A traditional Master’s program will require the student to attend classes on campus at least part-time. This requires additional planning and investment for the student. A professional hoping to switch careers may need to find a school local to them or have significant savings to move and work closer to the university during their education. The class times will be much less flexible and may interfere with a normal 9-5 work schedule.
These programs are more expensive than online master’s programs, but offer advantages like on-hands instruction and research opportunities. Traditional Master’s programs are more demanding and more likely to award Data Science degrees which are more valuable and command higher salaries.
|School Name||Program Name|
|Purdue University||MS in Business Analytics & Information Management|
|DePaul University||MS in Data Science (mix of in-person and online)|
|The University of Rochester||MS in Data Science|
|North Carolina State University||MS in Analytics|
|Georgia Institute of Technology||MS in Analytics|
|University of Oklahoma||MS in Data Science and Analytics (in person, online, and hybrid)|
|University of Iowa||MS in Business Analytics|
Online Masters Programs
Online Master’s degree programs can vary in length widely. There are accelerated programs that can be completed in as little as 12 months, but most programs take about 36 months to complete full-time. If an aspiring data analyst must take only one or two courses a semester because of other commitments, the degree may take significantly longer. Overall these programs are very flexible and will work to accommodate students from all walks of life.
It’s important to consider the curriculum, cost of the program, and admission criteria when creating a list of possible schools. Prestigious schools will generally have more admission requirements, including GRE scores, GMAT scores, and professional or academic recommendations. Prestigious schools will also generally charge the most per credit hour.
|School Name||Program Name|
|Georgetown University||MS in Business Analytics|
|John Hopkins University||MS in Data Analytics and Policy|
|Northern Illinois University||MS in Data Analytics|
|Saint Mary’s University of Minnesota||MS in Business Intelligence and Analytics|
|Drake University||MS in Business Analytics|
|Utica College||MS in Data Science|
|George Mason University||MS in Data Analytics Engineering|
There are even boot camps for data science that can provide intense accelerated learning programs for a few months, to teach all the skills a new data analyst would need.
Getting Hired As A Data Analyst
Honestly, entry-level roles are available at companies in virtually every sector. The workforce has yet to catch up to the exploding demand from companies and institutions all over, looking for talented data analysts. Large entities like consulting firms, government, and telecommunications often offer post graduation programs to help funnel new talent into their ranks.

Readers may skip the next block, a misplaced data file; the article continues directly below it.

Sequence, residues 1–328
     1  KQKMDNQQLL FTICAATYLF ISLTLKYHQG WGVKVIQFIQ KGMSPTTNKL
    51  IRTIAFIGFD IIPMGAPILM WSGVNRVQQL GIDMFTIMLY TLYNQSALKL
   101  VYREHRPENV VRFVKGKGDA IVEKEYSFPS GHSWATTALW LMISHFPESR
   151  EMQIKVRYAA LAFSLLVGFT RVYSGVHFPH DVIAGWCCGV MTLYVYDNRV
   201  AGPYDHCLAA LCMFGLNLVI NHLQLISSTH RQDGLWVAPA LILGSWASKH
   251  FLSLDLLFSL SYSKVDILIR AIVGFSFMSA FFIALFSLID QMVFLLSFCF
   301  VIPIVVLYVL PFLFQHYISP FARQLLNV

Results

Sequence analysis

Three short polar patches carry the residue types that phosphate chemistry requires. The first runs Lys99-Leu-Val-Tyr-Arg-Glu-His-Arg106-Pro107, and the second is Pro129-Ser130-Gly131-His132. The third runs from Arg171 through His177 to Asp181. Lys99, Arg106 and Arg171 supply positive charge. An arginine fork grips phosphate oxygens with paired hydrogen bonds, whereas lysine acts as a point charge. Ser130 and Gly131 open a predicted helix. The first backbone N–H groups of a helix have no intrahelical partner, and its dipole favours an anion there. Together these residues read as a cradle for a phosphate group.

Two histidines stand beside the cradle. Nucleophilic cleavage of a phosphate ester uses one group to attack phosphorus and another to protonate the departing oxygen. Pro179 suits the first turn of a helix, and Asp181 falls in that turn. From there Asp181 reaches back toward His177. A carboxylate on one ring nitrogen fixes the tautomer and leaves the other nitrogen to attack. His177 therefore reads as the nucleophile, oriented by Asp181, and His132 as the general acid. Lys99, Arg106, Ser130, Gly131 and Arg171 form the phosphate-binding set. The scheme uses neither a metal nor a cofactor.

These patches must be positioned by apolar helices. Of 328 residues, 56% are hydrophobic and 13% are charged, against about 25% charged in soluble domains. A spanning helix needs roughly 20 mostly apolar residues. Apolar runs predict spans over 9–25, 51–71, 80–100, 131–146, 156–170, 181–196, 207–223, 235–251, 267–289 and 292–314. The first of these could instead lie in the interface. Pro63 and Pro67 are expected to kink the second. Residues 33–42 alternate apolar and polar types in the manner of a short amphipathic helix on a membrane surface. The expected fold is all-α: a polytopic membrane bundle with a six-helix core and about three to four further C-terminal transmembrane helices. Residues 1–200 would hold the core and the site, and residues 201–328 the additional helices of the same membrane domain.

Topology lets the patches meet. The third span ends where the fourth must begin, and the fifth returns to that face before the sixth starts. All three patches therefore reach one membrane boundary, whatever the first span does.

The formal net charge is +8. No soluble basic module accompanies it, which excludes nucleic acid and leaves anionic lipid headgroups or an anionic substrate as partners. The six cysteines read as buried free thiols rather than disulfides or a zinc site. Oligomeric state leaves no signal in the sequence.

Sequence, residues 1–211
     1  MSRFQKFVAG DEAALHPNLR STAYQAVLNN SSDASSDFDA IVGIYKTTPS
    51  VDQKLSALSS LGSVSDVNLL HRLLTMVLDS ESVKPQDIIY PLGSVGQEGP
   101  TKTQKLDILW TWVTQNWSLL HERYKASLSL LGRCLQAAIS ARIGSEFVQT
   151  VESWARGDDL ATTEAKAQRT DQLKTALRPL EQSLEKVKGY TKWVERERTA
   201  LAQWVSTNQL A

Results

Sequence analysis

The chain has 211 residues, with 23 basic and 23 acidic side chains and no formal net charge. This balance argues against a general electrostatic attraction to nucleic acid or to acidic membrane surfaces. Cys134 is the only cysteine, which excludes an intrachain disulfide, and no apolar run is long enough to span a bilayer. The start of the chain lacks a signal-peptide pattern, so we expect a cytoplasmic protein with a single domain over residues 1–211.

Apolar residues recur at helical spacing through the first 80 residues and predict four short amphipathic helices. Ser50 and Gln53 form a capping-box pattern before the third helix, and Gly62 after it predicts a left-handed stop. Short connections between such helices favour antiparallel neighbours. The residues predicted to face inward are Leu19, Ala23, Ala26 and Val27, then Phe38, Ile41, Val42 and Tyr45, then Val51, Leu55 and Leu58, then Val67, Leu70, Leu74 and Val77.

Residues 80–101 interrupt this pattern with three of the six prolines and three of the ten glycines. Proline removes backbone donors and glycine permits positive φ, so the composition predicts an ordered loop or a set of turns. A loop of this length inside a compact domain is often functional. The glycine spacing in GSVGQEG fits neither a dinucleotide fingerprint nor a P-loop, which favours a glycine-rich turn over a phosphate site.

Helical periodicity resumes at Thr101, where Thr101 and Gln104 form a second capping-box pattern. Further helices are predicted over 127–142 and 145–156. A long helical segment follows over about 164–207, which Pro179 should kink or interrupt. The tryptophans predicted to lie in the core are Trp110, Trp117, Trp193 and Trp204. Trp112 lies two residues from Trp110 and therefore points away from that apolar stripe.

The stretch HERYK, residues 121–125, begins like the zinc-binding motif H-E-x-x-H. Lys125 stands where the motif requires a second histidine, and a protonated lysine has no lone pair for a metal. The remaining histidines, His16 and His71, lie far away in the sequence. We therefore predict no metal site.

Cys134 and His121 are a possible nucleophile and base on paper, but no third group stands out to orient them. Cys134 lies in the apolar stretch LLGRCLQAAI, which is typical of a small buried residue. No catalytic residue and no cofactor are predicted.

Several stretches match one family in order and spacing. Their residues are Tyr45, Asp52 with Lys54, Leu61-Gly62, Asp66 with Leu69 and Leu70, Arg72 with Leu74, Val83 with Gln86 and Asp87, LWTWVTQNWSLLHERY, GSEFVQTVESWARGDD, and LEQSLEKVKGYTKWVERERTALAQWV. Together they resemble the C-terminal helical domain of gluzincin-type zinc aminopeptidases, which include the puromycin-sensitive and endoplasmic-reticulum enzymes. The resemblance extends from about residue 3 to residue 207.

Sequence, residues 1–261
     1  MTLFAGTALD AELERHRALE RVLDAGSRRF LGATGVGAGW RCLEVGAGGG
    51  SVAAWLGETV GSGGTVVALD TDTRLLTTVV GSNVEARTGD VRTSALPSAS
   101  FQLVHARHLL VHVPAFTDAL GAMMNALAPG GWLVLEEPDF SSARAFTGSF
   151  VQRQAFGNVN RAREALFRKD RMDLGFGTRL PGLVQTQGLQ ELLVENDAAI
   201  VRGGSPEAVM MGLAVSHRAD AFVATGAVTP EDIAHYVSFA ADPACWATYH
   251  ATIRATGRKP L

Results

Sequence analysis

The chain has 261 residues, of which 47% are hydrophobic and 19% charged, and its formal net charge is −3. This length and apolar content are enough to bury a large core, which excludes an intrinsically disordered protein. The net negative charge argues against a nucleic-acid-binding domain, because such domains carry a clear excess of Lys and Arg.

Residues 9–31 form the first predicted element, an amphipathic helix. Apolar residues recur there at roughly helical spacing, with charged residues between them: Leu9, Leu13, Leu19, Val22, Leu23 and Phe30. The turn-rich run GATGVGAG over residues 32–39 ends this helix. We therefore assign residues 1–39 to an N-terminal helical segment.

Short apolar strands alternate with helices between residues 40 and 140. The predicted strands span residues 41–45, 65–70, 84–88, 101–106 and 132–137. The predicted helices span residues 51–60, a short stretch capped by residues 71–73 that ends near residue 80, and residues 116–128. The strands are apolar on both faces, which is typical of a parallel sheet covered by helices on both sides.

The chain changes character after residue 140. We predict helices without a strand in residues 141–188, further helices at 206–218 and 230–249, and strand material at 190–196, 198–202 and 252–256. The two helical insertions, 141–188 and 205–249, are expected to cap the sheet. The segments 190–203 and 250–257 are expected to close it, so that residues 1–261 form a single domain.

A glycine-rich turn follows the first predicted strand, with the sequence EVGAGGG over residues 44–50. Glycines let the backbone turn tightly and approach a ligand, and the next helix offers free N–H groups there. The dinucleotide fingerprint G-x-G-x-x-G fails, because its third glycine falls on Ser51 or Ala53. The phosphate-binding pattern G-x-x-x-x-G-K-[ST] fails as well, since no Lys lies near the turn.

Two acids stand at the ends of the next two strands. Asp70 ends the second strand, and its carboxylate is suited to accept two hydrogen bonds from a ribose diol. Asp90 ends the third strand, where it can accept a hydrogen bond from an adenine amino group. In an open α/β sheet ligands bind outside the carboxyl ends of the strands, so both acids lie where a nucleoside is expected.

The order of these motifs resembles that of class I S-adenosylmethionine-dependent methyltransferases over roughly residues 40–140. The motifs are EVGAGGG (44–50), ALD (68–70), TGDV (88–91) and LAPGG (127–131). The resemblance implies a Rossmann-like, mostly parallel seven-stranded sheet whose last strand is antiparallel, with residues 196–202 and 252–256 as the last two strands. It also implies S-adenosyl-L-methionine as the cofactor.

Gaining experience before applying is always recommended. An internship will help an applicant rise to the top of the pile. A data analyst intern will work to support data analysts in their tasks. These are usually data quality control or data mining tasks that aren’t too difficult for the intern but having the intern work on it, it saves the data analyst a lot of time.
Data analyst jobs are highly sought after because they are well-paying 9-5 Monday to Friday positions. This provides an excellent work-life balance. Overtime may be required during especially large projects, but the position can also provide remote-working opportunities as the analyst gains experience.
Industries actively hiring for data analysts:
- Financial service firms
- Consumer retail firms
- Consulting firms
- Marketing firms
- Higher Education Institutions
- Telecommunication companies
- Insurance companies
- Pharmaceutical companies
- Information Technology firms
- Media companies
Data Analyst Salary and Future Outlook
Data analysts are paid well, even at the entry-level, analysts can expect to make a decent wage. According to Indeed, the average annual salary for data analysts in the United States is $70,033 per year. Salaries will vary widely depending on location, skills, experience, education, and industry. Data Analytics is one of the highest paid professions in tech.
North Carolina, New Hampshire, and Maryland are the three states with the highest average salaries for data analysts, coming in at $85,266 per year, $83,324 per year, and $82,692 per year, respectively.
The bottom three states are Alaska, Maine, and Kansas, delivering salaries of $39,473 per year, $44,022 per year, and $48,486 per year respectively.
The U.S. Bureau of Labor Statistics predicts data analyst jobs will grow much faster than average, at 20% growth between 2018 and 2028. Companies across many industries have realized the value of using data analysts to curate data and provide data-based market research. The positions are not easily filled though as the job requires specific technical and analytical skills.
Upon first entering the Data Analyst’s career path, this may not be the salary seen by the analyst. The average salary for an analyst with two years of experience and a bachelor’s degree is about $54,000. After about two years on the job, the salary can be expected to increase to $70,000 per year. A senior analyst with at least six years of experience will likely have a salary in the $90,000 range, but certain industries can see that surpass $100,000. This rapid salary increase during the first few years does not continue indefinitely.
The best skills for a data analyst to increase their salary include learning the Scala programming language, learning the analytics engine Apache Spark, Data Warehouse experience, and learning Java. These are high-level skills for expert-level data analysts and entry-level analysts should likely focus on other skills. Some of these skills can increase a data analyst’s salary by up to $15,000.